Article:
One type of activities for Sarah, Plain and Tall book are writing activities. These activities help students comprehend the book and work on their writing skills at the same time. You can also work in a little history/social studies.
1. This novel by Patricia Machlachlan takes place during the 19th century before there was email or text messaging. In the story, Sarah writes a letter to Anna, Caleb, and Papa, and they each write a letter back to her. One of the writing activities you can do with your students is ask them to write a letter to Sarah, introducing themselves. What would they say in their letters? They should pretend they are living back in the past (the same time as the setting of the novel.) What would their lives be like? Ask students to put details they have learned about this time period in their letters.
2. Divide your students into nine groups (because there are nine chapters in Sarah, Plain and Tall). Assign one of the nine chapters to each group of students. Each group will need to write a chapter summary and draw a story map about their chapter. They will present these written chapter summaries and illustrated story maps to their classmates after everyone has finished reading the book.
3. Show the movie version of this novel. Ask students to write a persuasive essay about which one people should spend time watching/reading. Students who thought the book was better should write in favor of the book and vice-versa for the movie version.
Another type of activities for Sarah, Plain and Tall book is vocabulary. Vocabulary lessons no longer have to be boring or difficult. Improve your students' vocabulary while they are having fun. Some of the vocabulary words in Patricia Machlachlan’s novel may be difficult for your students because they are words that were used in the 19th century, and we don’t hear them much today. These are words such as: hearthstones, flax, windbreak, paddock, and banty. Other words may or may not give some of your students trouble. It depends on their reading levels and abilities to figure out words from the context of a sentence.
One of the easiest vocabulary activities for Sarah, Plain and Tall book is to ask students to write down any words they do not know the meaning of on a piece of paper or a stickee note while they are reading. Gather these notes after a few days and make a list of possible vocabulary words. Then you can play games with these words. For example, your class can play a form of Pictionary or Charades, where one student tries to draw a picture of a vocabulary word or act it out while teammates guess. To make the game easier, you can give students a list of words to choose from.You can also ask students to create crossword or search-a-word puzzles with the new words, and they have to create clues for the words as part of the puzzle.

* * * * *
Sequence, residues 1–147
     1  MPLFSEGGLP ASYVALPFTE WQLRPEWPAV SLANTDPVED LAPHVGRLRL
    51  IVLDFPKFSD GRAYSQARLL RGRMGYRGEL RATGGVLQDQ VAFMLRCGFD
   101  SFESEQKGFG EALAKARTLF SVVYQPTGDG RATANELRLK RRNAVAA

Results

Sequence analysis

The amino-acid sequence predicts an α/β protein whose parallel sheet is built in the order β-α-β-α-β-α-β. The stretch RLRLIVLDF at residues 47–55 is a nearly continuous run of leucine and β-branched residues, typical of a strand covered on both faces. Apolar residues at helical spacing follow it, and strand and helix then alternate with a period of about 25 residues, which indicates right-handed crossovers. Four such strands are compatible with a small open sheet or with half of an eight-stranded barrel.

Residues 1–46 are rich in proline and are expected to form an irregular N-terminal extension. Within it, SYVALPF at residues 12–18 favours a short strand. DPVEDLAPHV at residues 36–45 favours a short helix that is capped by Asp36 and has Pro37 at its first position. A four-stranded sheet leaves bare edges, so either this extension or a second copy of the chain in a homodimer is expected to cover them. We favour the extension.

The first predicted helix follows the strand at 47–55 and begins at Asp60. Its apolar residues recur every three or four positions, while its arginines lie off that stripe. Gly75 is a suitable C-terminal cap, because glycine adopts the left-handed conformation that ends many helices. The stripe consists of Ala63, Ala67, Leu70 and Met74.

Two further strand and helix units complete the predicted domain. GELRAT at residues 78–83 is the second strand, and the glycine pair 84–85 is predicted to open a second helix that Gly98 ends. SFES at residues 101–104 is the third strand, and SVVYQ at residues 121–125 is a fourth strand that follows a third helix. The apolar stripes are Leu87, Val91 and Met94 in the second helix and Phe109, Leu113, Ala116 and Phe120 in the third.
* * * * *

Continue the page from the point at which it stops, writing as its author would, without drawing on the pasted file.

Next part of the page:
Besides writing and vocabulary activities, your Sarah, Plain and Tall unit study should have several reading activities in it. Here are a few that are easy to incoporate into a novel study and encourage your students to enjoy reading this wonderful novel.
1. Students can discuss or write about characters' feelings throughout the novel by Patricia Machlachlan. For example, how does Anna feel at the beginning of the book about her mother’s death? How does she feel about Sarah? Do her feelings change at the end of the book? Why or why not? Do you think this is realistic?
2. Students can compare and contrast Sarah, Plain and Tall with other historical fiction books they have read. What does the genre historical fiction mean? Discuss and list what makes a book historical fiction. How is Patricia Machlachlan’s story similar or different from the other historical fiction books they have read?
3. No Sarah, Plain and Tall unit study is complete without a look at cause and effect in the novel. This is an easy book to practice this reading skill. Students can create cause and effect pairs of their own, or they can answer questions about cause and effect in reading response journals and then have a discussion. For example, what causes Sarah to leave her home and come stay with Caleb, Anna, and their father? What causes Sarah to set up seashells in her room on her windowsill? What is the effect of winter on the family?
4. Students can also work on their prediction skills while they are reading Sarah, Plain and Tall. Caleb worries that Sarah will leave the family, and he doesn’t want her to. He looks for signs from Sarah that she plans to stay. Ask students to predict whether or not they think Sarah will stay with the family or if she will go back home. Tell students to write down their predictions, along with a reason for their opinions. Discuss predictions together in class before reading the end of the book together.
A Sarah, Plain and Tall unit study will help students work on reading, writing, and vocabulary skills. If students enjoy this novel and learn from it, they can read more of Patricia Maclachlan’s work and her sequels.
Author’s experience as an elementary classroom teacher and Title I Reading teacher
Machlachlan, Patricia. Sarah, Plain and Tall. Harper Collins, 2004.